Porridge mixed with politics

The Kilmainham Jail in Dublin sheds light on a dark age. By Alan Murdoch
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The Independent Culture
Dublin's Kilmainham Jail Museum brings a searing reality to the lives of its sometimes anonymous, sometimes famous inmates. It was, after all, the place where a Who's Who of Irish nationalist leaders, from Robert Emmet to Parnell to de Valera, heard the thud of metal doors clanging behind them.

In the past year, the once gloomy prison museum's permanent exhibition has been brought to life with theatrical flair and pounds 1m of public funds to explain how famine, civil disorder and war came to land so many inside. Its balance of dignified treatment of the tragedy of Irish leaders' executions here and the opportunities to engage younger visitors through video-age techniques has recently been recognised with a Large Museum of the Year award from the Gulbenkian Foundation.

Kilmainham was the world's first jail used exclusively for political prisoners, yet its grey stone passages also provide the ideal cautionary trip back into stern Victorian times for harassed parents of adolescents.

The early prison "reformers" Jeremy Bentham and John Howard, zealots for extracting repentance and for the "fabrication of virtue", saw their vision given full rein here. They favoured harsh, hygienic and "fair" punishment as an alternative to the squalor of 18th-century prisons, in which more prisoners were killed by disease than by the ever-busy gallows.

In the new display, "humane" refinements of hanging - largely through the longer-drop, quicker-farewell technique developed by Professor Samuel Haughton of Trinity College, Dublin - are explained in neck-tingling detail.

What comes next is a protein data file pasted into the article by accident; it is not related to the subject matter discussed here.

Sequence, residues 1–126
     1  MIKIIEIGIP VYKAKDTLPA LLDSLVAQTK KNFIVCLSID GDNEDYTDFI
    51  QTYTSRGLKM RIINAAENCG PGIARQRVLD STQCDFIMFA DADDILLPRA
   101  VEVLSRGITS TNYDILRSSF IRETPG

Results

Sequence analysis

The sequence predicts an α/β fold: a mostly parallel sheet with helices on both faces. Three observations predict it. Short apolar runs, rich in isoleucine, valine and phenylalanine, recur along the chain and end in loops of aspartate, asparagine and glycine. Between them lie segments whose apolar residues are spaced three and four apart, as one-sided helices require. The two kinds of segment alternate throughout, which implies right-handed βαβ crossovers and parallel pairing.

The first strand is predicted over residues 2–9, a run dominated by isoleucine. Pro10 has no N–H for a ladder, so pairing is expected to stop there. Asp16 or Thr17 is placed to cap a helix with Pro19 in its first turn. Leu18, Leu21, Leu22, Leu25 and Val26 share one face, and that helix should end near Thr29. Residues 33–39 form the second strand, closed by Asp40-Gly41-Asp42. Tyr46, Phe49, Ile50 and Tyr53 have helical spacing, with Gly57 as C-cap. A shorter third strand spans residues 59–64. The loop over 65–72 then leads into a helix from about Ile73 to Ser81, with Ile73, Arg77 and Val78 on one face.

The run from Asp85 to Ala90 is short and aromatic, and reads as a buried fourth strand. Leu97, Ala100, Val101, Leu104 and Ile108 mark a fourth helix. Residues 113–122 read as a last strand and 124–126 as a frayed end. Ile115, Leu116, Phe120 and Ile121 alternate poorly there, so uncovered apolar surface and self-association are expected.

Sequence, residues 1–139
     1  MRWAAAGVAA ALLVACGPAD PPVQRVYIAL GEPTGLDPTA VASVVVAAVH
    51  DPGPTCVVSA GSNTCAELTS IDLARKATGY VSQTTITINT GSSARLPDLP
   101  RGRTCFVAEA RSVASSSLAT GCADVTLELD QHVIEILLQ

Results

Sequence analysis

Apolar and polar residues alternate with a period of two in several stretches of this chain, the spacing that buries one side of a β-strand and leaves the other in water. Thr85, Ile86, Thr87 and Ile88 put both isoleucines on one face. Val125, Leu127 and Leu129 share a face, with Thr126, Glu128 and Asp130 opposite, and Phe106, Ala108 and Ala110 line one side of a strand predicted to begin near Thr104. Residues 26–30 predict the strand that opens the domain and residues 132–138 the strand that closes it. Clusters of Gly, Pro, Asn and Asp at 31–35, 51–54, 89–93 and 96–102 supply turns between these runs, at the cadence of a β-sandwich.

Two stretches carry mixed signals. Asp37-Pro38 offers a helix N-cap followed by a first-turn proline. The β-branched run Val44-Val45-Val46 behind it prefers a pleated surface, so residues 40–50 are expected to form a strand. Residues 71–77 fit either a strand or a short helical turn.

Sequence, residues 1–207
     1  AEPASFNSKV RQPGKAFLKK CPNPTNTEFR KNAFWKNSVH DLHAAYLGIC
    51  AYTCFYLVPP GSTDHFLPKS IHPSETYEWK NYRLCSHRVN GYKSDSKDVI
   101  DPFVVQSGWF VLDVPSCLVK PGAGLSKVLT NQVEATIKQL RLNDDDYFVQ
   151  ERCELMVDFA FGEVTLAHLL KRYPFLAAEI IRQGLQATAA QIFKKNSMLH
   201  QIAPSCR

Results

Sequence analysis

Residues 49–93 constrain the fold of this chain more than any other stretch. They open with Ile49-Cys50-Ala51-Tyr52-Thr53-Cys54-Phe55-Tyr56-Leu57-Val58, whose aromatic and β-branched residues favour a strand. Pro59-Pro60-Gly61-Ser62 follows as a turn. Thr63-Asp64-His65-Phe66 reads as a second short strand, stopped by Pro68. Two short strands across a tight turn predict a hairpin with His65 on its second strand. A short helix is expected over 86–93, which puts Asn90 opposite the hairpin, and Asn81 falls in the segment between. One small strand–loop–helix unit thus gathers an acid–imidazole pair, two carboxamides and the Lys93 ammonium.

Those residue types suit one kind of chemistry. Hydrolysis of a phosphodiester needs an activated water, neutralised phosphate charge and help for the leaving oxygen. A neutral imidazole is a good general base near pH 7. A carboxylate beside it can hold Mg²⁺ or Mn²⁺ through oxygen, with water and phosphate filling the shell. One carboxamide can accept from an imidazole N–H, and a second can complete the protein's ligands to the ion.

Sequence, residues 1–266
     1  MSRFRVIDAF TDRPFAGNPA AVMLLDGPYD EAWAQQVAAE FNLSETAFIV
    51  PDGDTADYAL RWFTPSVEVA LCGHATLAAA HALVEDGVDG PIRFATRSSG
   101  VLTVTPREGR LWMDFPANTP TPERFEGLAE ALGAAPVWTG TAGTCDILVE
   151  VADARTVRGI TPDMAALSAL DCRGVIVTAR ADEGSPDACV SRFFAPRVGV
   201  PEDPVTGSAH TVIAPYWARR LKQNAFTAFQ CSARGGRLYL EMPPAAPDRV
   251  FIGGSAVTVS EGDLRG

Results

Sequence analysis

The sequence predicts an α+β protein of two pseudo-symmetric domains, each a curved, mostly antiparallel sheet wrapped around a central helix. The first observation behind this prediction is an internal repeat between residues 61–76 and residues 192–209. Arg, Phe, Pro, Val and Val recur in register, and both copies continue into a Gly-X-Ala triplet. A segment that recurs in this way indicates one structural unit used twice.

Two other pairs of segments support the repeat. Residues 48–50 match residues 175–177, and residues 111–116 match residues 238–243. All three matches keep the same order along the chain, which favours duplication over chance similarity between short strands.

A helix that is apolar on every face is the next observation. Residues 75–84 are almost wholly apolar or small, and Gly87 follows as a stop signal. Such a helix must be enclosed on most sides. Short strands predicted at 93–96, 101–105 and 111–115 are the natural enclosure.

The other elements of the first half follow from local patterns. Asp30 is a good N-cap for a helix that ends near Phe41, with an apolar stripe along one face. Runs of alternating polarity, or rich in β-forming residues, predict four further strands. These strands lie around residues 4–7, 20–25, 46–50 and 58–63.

Young people are encouraged to take part in the age-old debate about hanging by casting a vote in a computer poll; they can then see, in graphic form on screen, the latest balance of visitors' opinions for and against, presented by age group in graphic form on screen.

In 1796 Kilmainham was rearranged on the principles of one prisoner, one cell - and soon became overcrowded. Convict numbers soared during the famine in the late 1840s when the starving were imprisoned in their thousands for possession of stolen bread-and-butter, and theft of apples or even turnips. The prison's grim regime is clearly illustrated by the authorities' attitude towards rations. On discovering that prisoners got four ounces of bread more than workhouse inmates, an enraged inspector, Phillip Priestly, demanded: "this alarming gap must be closed".

Even the mildest Victorian punishment aimed to exert maximum control over the inmate - and to ensure that the prisoner knew it. One exhibit is a cell-door eye-slot, revealing a miniature video of a confined woman's unnerved reaction to the warder's watching eye. And in an adjacent closed- circuit television room, visitors become warder-monitors of the jail and, eerily, of themselves.